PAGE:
This week, President Joe Biden signaled his intent to reconnect and strengthen ties with U.S. allies across the pond in Europe and resume a position of global leadership. Biden seeks to break with the policies of his predecessor, Donald Trump, who often stood his ground on “America First” policies that resulted in bitter transatlantic disputes.
Biden announced he would be stopping the withdrawal of troops stationed in Germany that Trump had originally put into motion. Biden stated these troops’ presence is critical to securing European defenses in the face of Russian cybersecurity attempts to destabilize Europe. Biden named Russia’s leader in the manner, though by last name only. He also voiced his support for NATO and its commitment to collective defense of the continent, which Trump often appeared reluctant to support.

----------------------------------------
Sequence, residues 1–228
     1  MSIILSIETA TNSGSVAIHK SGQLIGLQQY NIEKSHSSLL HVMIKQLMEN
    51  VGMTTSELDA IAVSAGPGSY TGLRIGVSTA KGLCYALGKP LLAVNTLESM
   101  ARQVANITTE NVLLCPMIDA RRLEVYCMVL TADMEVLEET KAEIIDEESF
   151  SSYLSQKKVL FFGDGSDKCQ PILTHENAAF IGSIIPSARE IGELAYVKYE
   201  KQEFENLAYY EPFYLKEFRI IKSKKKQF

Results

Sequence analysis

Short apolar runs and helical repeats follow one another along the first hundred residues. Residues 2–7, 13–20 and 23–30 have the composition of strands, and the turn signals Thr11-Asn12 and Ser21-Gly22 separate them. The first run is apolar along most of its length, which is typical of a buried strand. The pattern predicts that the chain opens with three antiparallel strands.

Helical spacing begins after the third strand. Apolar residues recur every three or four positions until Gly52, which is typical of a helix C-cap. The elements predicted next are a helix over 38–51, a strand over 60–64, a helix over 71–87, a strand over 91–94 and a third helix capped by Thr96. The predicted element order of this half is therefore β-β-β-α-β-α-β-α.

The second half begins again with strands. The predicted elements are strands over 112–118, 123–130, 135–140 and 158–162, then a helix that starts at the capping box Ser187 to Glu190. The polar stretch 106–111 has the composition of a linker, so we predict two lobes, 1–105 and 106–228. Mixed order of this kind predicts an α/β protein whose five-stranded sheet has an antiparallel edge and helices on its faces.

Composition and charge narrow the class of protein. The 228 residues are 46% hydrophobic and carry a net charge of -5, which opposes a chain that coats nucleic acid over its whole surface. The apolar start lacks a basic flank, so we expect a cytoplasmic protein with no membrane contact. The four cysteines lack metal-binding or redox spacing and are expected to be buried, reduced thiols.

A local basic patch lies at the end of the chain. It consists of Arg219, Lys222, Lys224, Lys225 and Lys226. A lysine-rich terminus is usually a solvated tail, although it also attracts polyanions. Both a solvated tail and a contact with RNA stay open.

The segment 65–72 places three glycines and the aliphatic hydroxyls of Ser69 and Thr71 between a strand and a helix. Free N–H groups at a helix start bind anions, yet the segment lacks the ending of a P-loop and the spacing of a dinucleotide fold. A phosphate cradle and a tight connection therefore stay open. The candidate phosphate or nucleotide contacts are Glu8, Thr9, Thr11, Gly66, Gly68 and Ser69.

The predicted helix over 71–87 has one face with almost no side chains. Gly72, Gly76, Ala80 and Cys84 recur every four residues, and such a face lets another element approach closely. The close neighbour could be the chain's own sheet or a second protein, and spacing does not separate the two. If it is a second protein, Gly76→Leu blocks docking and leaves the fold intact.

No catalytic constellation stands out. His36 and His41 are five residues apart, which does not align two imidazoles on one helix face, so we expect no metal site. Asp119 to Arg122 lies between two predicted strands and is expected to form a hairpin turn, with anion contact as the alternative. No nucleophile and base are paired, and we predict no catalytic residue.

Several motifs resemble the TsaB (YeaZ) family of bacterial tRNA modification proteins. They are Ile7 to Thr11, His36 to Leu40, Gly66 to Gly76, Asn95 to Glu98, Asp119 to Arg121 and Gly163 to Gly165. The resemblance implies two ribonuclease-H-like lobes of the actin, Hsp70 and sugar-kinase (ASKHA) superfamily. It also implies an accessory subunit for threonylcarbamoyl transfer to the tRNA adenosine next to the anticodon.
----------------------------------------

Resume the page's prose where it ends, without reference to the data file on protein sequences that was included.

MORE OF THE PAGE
It remains to be seen whether these attempts to reestablish connections with European leaders will yield fruitful results. Particularly in the wake of the January 6th insurrection at the US Capitol, which European leaders point to as evidence of deeply rooted division within the United States that cannot be so quickly forgotten nor overcome.
Nonetheless, Biden made his case that the United States would be back at the table and there to support transatlantic ties for the foreseeable future.